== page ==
Publication Date

2015

Abstract

The impact of spoken language skills on the social inclusion of children with hearing loss is of interest for listening and spoken language early intervention providers. This study used spoken language assessments and a parent-report social inclusion survey to investigate this impact for 95 children with hearing loss (M = 5.1 years of age). The survey focused on two facets of social inclusion: education and interacting with society and fulfilling social roles. The majority of participants demonstrated language, vocabulary and speech skills commensurate with peers with typical hearing. Vocabulary and speech skills had an impact on only a few aspects of social inclusion. Specifically, this was primary caregiver satisfaction with the level of teacher support; and children being invited to social activities or using computer or mobile technology devices. Spoken language skills were shown to have some impact on a few aspects of social inclusion. Areas were suggested where early intervention providers could offer additional support to children with hearing loss and their families.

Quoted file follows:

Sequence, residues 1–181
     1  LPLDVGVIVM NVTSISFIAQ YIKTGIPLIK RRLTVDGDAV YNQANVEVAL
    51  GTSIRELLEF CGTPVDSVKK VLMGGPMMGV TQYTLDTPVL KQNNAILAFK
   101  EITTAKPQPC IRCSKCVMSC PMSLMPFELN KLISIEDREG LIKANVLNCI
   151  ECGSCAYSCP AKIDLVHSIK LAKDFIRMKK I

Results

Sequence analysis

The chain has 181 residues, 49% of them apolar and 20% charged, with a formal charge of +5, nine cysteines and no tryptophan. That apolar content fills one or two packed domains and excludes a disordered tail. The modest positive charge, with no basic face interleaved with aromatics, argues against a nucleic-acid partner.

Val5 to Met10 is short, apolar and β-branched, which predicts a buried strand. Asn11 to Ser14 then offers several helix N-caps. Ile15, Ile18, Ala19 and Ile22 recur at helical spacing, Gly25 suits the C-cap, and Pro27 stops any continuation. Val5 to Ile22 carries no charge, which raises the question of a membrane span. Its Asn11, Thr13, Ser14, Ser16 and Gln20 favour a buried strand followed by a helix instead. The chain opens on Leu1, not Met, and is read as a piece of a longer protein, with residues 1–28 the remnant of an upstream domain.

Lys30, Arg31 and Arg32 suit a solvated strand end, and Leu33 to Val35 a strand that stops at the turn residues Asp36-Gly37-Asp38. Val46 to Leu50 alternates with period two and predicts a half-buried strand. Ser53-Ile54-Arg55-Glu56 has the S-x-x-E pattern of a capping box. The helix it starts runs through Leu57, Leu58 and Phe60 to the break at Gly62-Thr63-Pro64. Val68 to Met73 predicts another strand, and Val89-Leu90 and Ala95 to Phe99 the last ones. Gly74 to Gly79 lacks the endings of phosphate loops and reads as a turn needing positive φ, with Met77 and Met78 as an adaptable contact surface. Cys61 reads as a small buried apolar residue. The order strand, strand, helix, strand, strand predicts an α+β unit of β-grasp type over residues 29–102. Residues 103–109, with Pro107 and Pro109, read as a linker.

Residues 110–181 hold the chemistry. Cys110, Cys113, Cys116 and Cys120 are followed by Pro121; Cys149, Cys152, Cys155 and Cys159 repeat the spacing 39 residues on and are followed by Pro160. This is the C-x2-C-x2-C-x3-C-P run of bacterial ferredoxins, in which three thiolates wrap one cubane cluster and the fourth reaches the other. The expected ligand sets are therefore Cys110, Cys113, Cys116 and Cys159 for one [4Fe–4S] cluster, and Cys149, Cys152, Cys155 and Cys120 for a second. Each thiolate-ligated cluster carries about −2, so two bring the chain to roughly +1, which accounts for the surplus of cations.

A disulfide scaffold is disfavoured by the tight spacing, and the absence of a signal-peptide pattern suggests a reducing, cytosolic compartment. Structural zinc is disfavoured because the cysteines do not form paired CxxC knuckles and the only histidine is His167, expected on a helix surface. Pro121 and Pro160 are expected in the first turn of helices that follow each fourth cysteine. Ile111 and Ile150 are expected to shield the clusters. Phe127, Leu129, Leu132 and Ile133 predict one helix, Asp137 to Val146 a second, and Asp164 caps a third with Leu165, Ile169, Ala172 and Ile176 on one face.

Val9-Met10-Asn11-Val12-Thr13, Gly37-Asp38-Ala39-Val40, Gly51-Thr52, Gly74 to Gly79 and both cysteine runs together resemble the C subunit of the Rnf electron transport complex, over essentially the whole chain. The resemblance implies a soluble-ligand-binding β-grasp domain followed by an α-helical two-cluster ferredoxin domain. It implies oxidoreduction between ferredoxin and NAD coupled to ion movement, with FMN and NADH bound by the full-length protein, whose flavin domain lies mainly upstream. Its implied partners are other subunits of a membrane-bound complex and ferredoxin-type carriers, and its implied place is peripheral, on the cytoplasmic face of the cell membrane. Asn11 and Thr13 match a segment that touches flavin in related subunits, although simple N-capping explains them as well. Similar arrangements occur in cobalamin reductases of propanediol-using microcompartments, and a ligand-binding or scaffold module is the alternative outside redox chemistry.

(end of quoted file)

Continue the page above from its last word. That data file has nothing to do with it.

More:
Document Type

Journal Article

Access Rights

ERA Access

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